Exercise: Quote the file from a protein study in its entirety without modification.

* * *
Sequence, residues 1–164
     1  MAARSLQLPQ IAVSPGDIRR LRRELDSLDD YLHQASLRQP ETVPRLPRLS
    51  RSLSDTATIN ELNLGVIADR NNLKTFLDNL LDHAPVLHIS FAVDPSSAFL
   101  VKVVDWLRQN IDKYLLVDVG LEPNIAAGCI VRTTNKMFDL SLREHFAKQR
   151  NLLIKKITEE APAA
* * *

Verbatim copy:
Sequence, residues 1–164
     1  MAARSLQLPQ IAVSPGDIRR LRRELDSLDD YLHQASLRQP ETVPRLPRLS
    51  RSLSDTATIN ELNLGVIADR NNLKTFLDNL LDHAPVLHIS FAVDPSSAFL
   101  VKVVDWLRQN IDKYLLVDVG LEPNIAAGCI VRTTNKMFDL SLREHFAKQR
   151  NLLIKKITEE APAA